ScrimismsPresently suffering a dearth of witticisms
Food and Photos and Travel05 Jul 2008

It’s not exactly a secret that “Chinese food” as often experienced in North America (egg rolls, chicken balls, fried rice, fortune cookies, etc.) is not something a typical Chinese person would be familiar with. Finding out exactly where and how this particular deep-fried cuisine originated would probably make for a fun project, but it isn’t my project today. I’m going to talk about the food I ate while I was in China. Thanks to Shengrong’s cooking and the occasional trip to a more authentic Chinese restaurant (they exist), I didn’t find the food to be totally outlandish, but there were a few strange bumps in the culinary road.


In Beijing, we stayed on the campus of the China University of Geosciences, and ate a few of our meals at one of the University restaurants, “LocalFood.com”. One of my favorite things there were battered chicken wings heavily spiced with cumin. Shengrong ordered those on our first day since they’re more like the kind of food I’m used to. That was really the only meal in which I wasn’t sure if I was going to be able to manage the food without any trouble, as I was really tired and jetlegged at the time. After that I ate everything happily, and when I got back to Canada I found my own cooking kind of boring for the first few days. Unsurprisingly, I got a lot better at handling chopsticks.


At the entrance of “Local Food” – it was pretty large and usually full of diners.


In a nice room of the restaurant where we ate lunch a few times, overlooking the university quad.

Naturally, we had to try Beijing Duck during our stay in Beijing. We ate it in “Quan ju de”, the most famous Beijing Duck restaurant, just off Tian’anmen Square. The duck is cooked with a crispy outside and then cut into small slices. You mix a few slices with leek, cucumber and a special sauce and roll them in thin pastries, using your chopsticks. It took me a while to get the hang of it, but I really liked the end result.


Some ducks waiting to be Beijing’d.


Shengrong ordering duck.

Other highlights from Beijing included a surprisingly good (and cheap) meal of chicken and black bean procured very late at night from a small student-frequented spot on campus, and dumplings at the great wall.

We had several nice meals in Wuhan, both at restaurants and as cooked by Shengrong’s mom. Shengrong and I cooked a few dishes on our last night there, using some spices we brought from home. I’m not sure how well they went over, but everyone in the family had the good grace to eat them and smile…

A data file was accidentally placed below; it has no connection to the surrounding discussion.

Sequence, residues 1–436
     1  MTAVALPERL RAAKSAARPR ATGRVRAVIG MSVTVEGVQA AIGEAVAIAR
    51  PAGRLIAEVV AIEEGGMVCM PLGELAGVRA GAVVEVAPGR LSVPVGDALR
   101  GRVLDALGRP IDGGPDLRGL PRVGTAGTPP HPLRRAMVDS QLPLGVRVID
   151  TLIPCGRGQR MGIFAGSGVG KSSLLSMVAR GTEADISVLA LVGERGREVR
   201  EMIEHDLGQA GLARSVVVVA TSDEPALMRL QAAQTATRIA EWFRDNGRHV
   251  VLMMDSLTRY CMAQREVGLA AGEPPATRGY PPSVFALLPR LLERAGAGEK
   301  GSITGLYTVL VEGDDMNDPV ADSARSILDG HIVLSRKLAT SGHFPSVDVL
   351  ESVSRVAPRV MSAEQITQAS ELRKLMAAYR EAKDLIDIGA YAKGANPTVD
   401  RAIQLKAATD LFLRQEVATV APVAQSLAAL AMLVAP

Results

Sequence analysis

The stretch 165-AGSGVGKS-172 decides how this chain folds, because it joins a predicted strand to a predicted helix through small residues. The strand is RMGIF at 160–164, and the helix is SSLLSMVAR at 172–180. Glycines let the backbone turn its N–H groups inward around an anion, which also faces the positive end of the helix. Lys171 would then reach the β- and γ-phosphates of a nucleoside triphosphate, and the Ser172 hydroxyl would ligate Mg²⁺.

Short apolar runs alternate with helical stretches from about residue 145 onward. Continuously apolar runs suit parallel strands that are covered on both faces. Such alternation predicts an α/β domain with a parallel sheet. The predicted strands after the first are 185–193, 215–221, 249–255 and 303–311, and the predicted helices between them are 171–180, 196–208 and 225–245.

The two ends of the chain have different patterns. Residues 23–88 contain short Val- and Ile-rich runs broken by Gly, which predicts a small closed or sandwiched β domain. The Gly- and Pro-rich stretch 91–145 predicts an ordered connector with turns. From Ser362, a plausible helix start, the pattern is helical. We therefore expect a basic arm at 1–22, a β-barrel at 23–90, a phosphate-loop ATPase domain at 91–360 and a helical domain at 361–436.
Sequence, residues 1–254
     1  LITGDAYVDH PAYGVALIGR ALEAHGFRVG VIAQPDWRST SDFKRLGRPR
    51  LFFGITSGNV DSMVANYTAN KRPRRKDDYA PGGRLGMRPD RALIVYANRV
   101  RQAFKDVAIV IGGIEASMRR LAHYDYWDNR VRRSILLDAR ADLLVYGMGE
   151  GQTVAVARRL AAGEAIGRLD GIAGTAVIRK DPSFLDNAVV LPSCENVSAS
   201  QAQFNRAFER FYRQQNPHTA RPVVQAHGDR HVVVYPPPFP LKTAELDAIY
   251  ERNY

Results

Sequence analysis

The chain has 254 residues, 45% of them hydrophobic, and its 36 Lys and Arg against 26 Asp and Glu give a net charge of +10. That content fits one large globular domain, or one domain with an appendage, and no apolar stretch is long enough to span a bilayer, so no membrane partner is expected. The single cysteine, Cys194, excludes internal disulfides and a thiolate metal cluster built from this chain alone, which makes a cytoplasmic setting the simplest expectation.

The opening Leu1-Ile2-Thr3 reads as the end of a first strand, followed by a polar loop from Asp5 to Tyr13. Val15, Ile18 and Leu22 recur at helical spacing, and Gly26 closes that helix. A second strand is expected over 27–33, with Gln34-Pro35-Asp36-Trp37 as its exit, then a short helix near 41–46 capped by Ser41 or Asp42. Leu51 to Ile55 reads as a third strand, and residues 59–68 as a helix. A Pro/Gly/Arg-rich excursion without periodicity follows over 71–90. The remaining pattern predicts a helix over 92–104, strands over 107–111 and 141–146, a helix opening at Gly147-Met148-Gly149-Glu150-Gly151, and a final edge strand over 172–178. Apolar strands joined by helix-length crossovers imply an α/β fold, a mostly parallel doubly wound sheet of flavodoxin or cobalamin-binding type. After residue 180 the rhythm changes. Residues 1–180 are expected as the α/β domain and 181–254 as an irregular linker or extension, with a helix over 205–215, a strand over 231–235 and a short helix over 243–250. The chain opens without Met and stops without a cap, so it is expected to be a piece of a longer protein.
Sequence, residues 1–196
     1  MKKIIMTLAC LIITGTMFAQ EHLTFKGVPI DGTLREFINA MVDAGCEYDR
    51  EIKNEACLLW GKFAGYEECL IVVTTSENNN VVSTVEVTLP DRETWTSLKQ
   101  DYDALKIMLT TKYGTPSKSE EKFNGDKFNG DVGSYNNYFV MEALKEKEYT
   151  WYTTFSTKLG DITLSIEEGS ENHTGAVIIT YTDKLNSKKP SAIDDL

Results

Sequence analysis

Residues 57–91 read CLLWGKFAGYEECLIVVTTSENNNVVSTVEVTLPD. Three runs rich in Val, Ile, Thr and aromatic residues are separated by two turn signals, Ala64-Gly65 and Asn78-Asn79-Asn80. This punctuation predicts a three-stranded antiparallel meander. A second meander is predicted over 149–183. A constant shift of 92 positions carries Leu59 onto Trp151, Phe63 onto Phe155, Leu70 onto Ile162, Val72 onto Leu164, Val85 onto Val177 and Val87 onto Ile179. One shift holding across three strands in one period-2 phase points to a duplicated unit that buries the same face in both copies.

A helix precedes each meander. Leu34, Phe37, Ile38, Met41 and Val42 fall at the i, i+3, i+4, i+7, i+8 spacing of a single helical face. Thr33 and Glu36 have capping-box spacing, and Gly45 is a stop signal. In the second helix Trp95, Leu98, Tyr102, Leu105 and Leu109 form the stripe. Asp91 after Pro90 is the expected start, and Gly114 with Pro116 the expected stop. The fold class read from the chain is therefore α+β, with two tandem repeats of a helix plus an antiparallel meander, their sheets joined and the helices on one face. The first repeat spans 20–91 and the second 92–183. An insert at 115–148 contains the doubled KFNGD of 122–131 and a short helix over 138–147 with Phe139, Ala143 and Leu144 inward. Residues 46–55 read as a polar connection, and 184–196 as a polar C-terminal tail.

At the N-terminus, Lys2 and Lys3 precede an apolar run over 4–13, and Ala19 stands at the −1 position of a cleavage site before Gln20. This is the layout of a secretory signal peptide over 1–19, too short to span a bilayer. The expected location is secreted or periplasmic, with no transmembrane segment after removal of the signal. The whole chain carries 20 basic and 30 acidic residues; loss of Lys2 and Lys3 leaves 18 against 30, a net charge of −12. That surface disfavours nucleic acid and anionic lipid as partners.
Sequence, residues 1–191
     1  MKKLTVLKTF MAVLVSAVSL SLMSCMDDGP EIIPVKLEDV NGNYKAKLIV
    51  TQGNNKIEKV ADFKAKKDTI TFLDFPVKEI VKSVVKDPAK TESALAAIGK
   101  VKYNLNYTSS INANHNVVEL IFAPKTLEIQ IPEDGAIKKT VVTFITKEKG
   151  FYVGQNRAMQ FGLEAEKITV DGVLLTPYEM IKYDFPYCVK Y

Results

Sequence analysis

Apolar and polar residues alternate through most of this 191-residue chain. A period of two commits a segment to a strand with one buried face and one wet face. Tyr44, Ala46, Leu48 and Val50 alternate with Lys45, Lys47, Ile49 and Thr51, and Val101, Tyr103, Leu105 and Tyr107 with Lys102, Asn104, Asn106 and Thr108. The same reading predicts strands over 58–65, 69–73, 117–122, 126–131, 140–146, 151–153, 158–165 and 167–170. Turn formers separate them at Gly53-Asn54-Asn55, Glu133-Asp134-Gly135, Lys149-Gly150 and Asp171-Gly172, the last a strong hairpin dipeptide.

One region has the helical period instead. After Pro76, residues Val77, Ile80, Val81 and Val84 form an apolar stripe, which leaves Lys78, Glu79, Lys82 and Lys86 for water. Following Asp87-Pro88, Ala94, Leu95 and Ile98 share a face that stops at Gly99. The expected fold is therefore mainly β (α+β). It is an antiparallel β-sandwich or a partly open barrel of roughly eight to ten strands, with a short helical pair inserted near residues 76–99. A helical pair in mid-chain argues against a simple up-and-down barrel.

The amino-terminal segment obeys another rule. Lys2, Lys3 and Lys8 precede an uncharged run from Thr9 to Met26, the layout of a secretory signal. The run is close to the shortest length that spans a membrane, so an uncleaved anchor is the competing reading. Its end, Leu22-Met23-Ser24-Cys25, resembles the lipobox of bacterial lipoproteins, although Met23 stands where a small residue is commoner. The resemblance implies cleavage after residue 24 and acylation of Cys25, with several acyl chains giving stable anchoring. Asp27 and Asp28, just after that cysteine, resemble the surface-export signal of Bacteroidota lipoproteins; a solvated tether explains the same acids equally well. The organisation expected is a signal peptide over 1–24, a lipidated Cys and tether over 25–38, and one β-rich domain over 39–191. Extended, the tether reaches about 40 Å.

The Chinese answer to the question of “what shall we eat?” is often different from ours. For example: when we’d stop for ice cream, Shengrong would select a mung bean flavored popsicle. I wish I’d taken a picture – they were such a delightful shade of green. I tried one and was nonplussed. The American tourists whom Shengrong helped order snacks at the Beijing museum weren’t too keen on the mung bean flavor either. Can’t say I blame them.
Another cultural quirk that I wasn’t really expecting is that nobody in China drinks anything cold. And heaven forbid you should want a cool glass of water… the best you’re likely to do is a cup of hot tea minus the tea. Even the bottled water would be on a shelf and not in a cooler. As someone drinks a lot of water in a typical day, this took some getting used to.


The table at a place where we ate in Wuhan. There are a few differences between the Chinese restaurant experience and the one we have here. For starters, larger restaurants are usually better quality: the concept of a tiny restaurant with a limited menu and delicious food doesn’t really exist there. People tend to dine out in large groups (the bigger the crowd, the more dishes you can order, after all) and often eat in private rooms. Chinese place-settings are different from what a Westerner would expect: one receives chopsticks (naturally), a spoon, a small plate on which to put bones and other things you aren’t going to eat, and a small bowl, in which you put your rice and a few morsels from various dishes.


Three dishes from that meal: soft-shelled turtle, squid, pork.


Brother turtle, up close.

I put some thought into what the strangest thing I ate in China was. High on the list was having oatmeal for breakfast. That, in and of itself, is not unusual, but I’d never eaten oatmeal with chopsticks before, which lent the proceedings a kind of surreal air. I liked breakfast in China generally, and enjoyed the dumplings and the sticky rice with mushrooms and tofu and egg, which is a typical Wuhan breakfast dish.

But no, the strangest thing I ate in China was probably this:


It’s the ovaries of some kind of special frog, stuffed inside a papaya. Apparently considered a delicacy. I’m not sure how the chef who invented that got his inspiration… How was it? Kind of watery and not strongly flavored.

This isn’t really of anything we ate, but I put it in out of interest since it’s broadly food-related:

It’s a little hard to make out because I was far away, but those guys are dynamiting fish in Wuhan’s east lake. I’d never seen that before. The fish were flying out of the water like popcorn.


And lastly, Chinese Dairy Queen. The prices were ridiculously expensive. 26 yuan will get you a frosty, or 26 servings of rice at any other restaurant. Your choice.

2 Responses to “Chinese Food”

  1. 06 Jul 2008 at 1:01 am Jamie

    I’m not sure how the chef who invented that got his inspiration…

    “Let’s stuff animal ovaries inside plant ovaries.”

  2. 25 Jul 2008 at 3:14 pm luke

    how can you not like a mung bean popsicle?

    granted, i haven’t tried one, but i am a big fan of the red bean ice cream the serve in sushi restaurants.

    how provincial of you, ian…

Feed on comments to this Post

Leave a Reply